What is the cost of the course?
The cost of the course for a regular student is $250.00. As a special offer, $100 of this tuition may be applied towards any future course at NEST.
What if I choose to sit through (audit) the course?
You may wish to simply sit through the course and not participate in assignments. This option is known as an audit. The student is not responsible for handing in any assignments, taking tests or completing any assigned projects. They can attend each class and participate in the class discussion alone. In this case a Certificate of Completion will not be awarded upon completion of the course. The cost of the course for those auditing is $225.00. Just as with our regular students, $100 of this tuition may be applied towards any future course at NEST.
Does the New England School of Theology offer a degree program? Not yet. The short answer is that the founders of the school wish to be a fully accredited degree-granting institution, but a number of important steps must be completed before that can be achieved. We are a new institution, founded this year (2010) and governed by a board of directors; our officers are working through the many details necessary to acquire recognized status with the State of Connecticut.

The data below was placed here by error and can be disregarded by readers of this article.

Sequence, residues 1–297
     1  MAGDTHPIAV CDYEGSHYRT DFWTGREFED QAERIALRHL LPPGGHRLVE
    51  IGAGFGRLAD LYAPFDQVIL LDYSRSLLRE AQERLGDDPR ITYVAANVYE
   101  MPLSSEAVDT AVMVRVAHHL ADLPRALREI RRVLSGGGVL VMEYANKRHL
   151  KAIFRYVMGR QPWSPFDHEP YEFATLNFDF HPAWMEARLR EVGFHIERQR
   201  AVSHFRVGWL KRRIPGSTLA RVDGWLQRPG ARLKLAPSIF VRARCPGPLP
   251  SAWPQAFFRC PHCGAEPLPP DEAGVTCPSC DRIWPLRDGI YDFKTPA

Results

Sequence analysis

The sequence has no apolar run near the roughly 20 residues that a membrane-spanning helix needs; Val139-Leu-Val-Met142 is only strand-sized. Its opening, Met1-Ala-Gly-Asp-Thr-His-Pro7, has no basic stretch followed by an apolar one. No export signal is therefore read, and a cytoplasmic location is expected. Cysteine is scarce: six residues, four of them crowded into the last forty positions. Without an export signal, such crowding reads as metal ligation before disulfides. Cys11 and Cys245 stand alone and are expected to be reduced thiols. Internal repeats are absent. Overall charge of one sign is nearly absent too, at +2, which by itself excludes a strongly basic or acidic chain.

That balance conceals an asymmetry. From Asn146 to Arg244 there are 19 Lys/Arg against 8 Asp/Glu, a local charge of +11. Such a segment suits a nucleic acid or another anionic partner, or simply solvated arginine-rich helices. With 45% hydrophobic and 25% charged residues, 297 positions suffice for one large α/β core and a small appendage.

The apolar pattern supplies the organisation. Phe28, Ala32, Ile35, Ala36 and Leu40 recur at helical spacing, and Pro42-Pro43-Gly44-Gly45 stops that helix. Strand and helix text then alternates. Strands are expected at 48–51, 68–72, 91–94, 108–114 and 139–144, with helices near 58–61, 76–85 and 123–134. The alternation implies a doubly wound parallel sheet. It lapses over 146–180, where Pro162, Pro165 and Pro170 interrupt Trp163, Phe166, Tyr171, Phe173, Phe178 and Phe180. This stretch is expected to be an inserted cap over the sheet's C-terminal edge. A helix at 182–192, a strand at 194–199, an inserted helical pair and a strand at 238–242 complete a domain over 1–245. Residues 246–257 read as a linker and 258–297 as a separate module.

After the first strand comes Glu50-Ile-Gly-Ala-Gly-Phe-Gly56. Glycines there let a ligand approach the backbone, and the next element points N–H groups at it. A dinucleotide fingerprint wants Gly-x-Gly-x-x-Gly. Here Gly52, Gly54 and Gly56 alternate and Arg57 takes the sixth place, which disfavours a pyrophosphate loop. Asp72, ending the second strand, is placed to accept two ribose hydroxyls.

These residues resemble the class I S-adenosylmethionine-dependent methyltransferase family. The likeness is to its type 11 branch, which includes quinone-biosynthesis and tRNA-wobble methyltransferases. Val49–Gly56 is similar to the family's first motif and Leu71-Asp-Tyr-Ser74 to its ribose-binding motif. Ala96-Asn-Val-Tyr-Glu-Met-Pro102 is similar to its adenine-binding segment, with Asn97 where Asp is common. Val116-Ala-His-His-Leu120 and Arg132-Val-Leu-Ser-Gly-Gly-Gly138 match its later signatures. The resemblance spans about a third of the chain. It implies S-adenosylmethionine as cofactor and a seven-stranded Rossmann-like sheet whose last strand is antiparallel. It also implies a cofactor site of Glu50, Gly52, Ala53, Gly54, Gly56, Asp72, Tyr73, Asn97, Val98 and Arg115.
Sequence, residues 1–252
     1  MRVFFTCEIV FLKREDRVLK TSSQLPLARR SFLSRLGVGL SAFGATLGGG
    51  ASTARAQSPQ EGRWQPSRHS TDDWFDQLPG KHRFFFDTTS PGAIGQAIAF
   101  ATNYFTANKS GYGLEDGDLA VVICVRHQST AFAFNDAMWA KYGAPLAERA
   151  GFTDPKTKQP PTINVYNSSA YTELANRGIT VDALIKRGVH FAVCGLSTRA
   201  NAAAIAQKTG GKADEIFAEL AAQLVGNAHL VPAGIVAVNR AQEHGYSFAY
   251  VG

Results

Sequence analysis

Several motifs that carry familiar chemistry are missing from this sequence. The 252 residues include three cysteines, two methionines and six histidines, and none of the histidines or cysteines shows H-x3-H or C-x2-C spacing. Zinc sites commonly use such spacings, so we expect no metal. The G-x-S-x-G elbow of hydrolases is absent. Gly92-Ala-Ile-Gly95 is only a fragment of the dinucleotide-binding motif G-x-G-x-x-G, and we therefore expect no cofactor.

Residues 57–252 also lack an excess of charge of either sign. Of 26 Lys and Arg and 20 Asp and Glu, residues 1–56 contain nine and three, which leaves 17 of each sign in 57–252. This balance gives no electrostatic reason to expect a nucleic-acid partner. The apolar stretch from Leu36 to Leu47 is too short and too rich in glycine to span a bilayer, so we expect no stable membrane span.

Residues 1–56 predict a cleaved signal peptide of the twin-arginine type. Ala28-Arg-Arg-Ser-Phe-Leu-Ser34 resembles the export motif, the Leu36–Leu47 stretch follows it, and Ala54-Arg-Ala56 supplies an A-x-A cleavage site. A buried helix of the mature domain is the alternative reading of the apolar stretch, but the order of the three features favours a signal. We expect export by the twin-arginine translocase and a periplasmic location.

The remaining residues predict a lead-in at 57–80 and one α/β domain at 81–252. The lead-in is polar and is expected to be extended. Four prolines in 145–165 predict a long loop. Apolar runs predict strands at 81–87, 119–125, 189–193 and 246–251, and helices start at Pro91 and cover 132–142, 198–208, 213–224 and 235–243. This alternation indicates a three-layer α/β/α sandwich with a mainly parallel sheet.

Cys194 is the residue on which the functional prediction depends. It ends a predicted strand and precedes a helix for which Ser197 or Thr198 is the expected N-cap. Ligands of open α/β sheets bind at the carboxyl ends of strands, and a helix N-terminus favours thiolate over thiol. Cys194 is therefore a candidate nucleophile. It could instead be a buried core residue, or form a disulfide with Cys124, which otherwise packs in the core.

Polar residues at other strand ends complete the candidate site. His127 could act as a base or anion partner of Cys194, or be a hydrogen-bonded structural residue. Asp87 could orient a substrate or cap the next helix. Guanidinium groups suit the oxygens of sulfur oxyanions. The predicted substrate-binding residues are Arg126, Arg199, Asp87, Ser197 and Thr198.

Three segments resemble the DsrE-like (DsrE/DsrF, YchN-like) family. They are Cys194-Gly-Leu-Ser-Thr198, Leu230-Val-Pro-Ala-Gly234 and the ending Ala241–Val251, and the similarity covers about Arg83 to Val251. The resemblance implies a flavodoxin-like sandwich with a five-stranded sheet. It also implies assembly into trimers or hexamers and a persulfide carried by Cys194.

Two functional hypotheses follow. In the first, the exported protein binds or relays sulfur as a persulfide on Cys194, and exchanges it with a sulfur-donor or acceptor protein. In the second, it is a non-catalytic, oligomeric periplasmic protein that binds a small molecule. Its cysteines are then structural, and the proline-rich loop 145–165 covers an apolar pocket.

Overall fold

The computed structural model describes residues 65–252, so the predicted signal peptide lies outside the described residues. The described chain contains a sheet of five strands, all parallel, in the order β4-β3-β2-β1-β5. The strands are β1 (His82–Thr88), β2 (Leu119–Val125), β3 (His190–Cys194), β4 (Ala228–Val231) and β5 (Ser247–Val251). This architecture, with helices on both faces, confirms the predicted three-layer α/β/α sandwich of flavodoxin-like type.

Does the New England School of Theology formally recognize completed courses? Yes. We realize that many hours of reading and hard work will be poured into our courses. A Certificate of Completion is awarded after the student has successfully completed all of the assignments for each course. Certificates of Completion will be available for other non-accredited, non-transferable courses including New Testament Introduction, New Testament Theology, Old Testament Introduction, Old Testament Theology, Introduction to Missions, Church History I and II, Evangelism, Greek Tools, Hebrew Tools and Introduction to Christian Apologetics.
If you have any questions about enrolling as a student or supporting our school, or if you have more general questions about the school, please do not hesitate to call me directly.
God bless you,
Dr. John M. DeMassa
The New England School of Theology